Review: Clarissa Explains It All Game
Publisher: Cardinal Industries
Year: 1994
Tagline: (none)

Clarissa is on the cover looking cute

how we met

I first learned that a game based on the early-90’s Nickelodeon show Clarissa Explains It All existed when it was covered on the podcast Flip the Table. I am not sure I ever went so far as to add it to my wishlist, but I have kept my eyes open for it ever since. And like always, one day I found Clarissa Explains It All Game sitting on a shelf in a thrift shop, just waiting for me. I paid my $1.99 and went home with a smile on my face.

how it plays

The object of Clarissa Explains It All Game is to be the first player to the Deals on Wheels Car Dealership with both a Driver’s License and the right color of key. Then you win a (pretend) car and the game!

During each turn one player acts as the “reader” and reads a CLARISSA EXPLAINS CARD out loud to their fellow players, but do not look at the back of the card! Each player, including the reader, then writes down the answer that they think is best and that Clarissa’s friends would have chosen, and they also write down their own answer to the question. The reader then turns the card over and reads out the outcomes. Each given answer will allow the player to move forward however many spaces and do what that space indicates.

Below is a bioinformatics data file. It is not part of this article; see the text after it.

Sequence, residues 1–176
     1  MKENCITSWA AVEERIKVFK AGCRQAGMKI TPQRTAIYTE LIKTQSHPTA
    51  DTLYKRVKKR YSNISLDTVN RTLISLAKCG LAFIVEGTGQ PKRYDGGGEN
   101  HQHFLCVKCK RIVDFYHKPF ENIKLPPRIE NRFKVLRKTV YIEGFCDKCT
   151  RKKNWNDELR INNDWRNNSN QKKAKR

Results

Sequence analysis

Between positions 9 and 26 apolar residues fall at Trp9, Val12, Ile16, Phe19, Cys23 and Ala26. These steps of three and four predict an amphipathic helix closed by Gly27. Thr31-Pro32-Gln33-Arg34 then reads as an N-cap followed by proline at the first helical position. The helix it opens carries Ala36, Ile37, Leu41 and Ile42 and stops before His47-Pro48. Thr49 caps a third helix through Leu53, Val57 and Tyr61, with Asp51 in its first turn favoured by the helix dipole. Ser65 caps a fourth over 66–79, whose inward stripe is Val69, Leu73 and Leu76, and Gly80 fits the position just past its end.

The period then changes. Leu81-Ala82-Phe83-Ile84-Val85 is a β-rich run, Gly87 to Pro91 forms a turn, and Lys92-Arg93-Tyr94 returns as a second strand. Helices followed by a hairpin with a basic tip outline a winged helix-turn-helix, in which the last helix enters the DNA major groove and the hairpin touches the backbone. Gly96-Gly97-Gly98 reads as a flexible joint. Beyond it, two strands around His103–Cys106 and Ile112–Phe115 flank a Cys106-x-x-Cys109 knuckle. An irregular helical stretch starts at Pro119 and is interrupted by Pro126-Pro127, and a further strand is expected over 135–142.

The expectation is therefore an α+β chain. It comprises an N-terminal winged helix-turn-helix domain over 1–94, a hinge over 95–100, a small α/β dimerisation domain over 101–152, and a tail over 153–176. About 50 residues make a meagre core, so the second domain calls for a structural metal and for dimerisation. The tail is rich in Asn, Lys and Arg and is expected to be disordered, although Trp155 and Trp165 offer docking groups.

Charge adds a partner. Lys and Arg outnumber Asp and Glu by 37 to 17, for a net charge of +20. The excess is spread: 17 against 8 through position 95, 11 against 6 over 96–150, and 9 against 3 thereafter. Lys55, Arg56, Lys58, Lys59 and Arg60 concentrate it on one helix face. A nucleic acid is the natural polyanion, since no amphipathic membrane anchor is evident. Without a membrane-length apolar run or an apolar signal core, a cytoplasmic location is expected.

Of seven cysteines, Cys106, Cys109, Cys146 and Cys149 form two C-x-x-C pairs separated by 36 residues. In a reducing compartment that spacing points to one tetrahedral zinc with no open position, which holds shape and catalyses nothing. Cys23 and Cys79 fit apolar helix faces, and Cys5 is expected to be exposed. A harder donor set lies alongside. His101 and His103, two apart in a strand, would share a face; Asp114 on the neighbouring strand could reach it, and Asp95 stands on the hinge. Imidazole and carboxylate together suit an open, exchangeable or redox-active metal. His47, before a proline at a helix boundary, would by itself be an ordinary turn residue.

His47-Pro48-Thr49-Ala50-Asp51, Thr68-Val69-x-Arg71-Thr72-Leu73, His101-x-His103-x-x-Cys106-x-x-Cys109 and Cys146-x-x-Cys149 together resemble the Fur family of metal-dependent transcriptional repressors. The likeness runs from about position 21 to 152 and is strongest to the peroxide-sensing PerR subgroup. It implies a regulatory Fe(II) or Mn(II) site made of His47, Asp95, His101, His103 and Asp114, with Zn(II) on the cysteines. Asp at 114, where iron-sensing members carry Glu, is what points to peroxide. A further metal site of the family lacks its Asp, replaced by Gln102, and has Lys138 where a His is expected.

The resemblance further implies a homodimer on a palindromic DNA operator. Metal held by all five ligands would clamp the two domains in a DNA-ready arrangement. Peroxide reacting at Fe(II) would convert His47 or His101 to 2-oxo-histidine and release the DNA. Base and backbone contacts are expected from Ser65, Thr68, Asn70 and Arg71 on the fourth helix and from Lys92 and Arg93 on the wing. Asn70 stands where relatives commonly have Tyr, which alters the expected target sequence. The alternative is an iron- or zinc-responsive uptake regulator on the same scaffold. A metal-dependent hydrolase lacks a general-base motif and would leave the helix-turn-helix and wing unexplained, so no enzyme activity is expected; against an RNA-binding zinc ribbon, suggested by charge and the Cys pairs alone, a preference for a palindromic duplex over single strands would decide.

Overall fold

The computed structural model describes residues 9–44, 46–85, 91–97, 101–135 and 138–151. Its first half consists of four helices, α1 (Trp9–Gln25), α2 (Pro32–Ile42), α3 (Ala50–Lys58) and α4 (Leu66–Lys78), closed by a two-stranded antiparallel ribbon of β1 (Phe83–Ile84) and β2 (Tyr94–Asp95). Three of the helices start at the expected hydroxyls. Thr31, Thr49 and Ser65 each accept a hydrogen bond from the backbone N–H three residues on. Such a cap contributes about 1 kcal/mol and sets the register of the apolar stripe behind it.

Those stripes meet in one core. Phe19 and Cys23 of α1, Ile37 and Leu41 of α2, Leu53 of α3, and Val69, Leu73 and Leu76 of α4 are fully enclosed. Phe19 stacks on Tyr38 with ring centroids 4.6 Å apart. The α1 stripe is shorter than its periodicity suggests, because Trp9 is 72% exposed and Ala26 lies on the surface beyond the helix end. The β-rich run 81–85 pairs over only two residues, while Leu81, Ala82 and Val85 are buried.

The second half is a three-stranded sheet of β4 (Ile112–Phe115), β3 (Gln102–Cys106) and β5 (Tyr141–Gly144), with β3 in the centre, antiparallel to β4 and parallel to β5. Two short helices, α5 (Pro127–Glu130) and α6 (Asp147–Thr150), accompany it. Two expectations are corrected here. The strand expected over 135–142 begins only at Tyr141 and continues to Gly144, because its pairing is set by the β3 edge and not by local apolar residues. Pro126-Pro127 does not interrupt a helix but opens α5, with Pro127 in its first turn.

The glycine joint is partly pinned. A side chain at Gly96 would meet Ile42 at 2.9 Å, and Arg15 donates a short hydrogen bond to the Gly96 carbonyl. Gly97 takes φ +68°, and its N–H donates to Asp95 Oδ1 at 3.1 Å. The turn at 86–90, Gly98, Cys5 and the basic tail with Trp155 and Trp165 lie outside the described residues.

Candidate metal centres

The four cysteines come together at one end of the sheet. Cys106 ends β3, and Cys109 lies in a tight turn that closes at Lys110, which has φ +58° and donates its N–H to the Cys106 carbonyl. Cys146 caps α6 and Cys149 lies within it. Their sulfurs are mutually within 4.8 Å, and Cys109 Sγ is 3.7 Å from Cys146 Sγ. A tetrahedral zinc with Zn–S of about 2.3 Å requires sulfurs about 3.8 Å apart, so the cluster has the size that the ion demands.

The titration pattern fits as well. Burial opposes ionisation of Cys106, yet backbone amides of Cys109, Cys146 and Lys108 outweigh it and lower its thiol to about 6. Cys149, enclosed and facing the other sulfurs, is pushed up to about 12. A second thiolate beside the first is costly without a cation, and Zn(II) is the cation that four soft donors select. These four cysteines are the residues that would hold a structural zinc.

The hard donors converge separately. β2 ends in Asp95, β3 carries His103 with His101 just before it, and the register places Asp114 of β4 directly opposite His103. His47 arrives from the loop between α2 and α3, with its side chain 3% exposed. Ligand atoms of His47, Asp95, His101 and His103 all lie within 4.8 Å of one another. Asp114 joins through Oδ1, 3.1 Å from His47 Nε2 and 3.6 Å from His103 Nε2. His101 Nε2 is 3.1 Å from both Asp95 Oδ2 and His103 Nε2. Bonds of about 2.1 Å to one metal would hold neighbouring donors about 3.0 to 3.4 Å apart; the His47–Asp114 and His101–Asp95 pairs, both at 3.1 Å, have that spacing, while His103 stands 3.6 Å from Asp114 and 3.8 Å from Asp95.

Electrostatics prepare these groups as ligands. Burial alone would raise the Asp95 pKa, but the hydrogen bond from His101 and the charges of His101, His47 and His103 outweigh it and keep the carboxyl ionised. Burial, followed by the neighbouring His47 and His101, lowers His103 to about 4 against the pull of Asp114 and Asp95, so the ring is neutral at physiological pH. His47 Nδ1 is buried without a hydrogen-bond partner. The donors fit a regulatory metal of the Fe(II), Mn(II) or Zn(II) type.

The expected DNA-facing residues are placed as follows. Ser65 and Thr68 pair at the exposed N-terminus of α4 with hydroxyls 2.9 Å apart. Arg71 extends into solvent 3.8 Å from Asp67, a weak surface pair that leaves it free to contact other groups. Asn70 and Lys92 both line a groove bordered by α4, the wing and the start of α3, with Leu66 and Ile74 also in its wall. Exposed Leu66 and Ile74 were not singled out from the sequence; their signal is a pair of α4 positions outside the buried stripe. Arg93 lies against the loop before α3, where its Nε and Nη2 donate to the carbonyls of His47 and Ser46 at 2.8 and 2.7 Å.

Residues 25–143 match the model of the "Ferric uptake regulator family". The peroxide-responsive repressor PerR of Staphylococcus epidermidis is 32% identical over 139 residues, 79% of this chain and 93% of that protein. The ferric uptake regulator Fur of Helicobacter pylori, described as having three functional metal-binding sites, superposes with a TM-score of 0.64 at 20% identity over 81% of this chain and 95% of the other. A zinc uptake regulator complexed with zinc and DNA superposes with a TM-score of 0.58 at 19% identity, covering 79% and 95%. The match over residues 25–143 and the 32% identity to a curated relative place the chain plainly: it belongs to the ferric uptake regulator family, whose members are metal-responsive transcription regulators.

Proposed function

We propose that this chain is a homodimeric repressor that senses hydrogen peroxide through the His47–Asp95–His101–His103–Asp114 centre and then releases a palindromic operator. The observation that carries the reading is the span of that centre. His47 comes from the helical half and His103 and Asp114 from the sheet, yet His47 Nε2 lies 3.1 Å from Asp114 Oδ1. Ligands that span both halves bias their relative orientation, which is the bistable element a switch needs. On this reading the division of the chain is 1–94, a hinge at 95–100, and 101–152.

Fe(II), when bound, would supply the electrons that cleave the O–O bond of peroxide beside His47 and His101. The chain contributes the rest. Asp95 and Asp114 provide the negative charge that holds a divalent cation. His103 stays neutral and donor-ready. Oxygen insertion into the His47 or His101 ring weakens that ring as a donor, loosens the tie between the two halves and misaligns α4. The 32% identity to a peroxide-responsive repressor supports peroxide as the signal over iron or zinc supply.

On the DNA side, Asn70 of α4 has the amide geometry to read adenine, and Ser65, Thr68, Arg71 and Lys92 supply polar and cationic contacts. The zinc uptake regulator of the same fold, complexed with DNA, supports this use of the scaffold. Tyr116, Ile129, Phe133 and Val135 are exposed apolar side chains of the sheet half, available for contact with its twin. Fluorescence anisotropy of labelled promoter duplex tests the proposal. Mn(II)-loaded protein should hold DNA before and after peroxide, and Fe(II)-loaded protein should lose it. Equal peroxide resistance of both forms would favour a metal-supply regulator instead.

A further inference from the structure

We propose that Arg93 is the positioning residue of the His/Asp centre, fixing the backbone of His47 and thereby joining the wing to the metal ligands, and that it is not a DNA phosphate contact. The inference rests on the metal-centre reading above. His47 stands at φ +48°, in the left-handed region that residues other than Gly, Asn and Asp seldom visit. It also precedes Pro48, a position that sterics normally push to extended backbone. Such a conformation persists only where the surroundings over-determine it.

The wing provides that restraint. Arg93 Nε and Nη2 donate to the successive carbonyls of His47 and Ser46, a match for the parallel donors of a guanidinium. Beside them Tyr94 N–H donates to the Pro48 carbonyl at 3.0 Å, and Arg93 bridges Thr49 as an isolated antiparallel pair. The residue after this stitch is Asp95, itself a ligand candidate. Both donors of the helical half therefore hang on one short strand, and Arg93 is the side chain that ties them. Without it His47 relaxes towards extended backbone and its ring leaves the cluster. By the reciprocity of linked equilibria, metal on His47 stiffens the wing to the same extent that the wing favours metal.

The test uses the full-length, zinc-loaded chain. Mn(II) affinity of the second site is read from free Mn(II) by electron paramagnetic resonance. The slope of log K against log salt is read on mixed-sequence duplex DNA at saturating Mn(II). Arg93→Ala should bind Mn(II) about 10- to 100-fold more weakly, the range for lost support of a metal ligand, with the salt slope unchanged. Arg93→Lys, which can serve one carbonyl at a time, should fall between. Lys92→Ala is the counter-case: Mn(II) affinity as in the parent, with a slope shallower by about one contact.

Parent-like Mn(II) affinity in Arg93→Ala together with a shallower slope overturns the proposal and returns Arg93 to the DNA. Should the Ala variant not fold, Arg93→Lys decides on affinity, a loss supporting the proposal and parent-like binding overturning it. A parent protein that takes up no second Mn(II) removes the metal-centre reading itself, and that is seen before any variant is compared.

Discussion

A Clarissa Explains card about chores
A front and back example of a CLARISSA EXPLAINS CARD

Then players take turns reading their made-up answers to the question. If anyone matches, they each get to choose a key!!! You can choose from available keys or steal from another player.

Plastic keys in different colors
Some of the keys. As you can see, some are Made In China and some are China Made In

Some spaces on the board let you get a Driver’s License. Other spaces allow you to draw a RESCUE CARD, which you save until you get a corresponding CRISIS CARD to get out of trouble. For example if you get a RESCUE CARD about Ferguson then it will only help you against a CRISIS CARD about Ferguson. The other CRISIS CARDS are gonna get ya! Other spaces let you roll the die to see if you can get a Driver’s License. Or just chill. Or get snacks. All are self-explanatory.